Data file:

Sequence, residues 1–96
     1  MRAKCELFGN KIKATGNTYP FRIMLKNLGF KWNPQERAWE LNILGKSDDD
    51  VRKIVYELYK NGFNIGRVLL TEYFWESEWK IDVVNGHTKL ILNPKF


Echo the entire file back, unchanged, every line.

Sequence, residues 1–96
     1  MRAKCELFGN KIKATGNTYP FRIMLKNLGF KWNPQERAWE LNILGKSDDD
    51  VRKIVYELYK NGFNIGRVLL TEYFWESEWK IDVVNGHTKL ILNPKF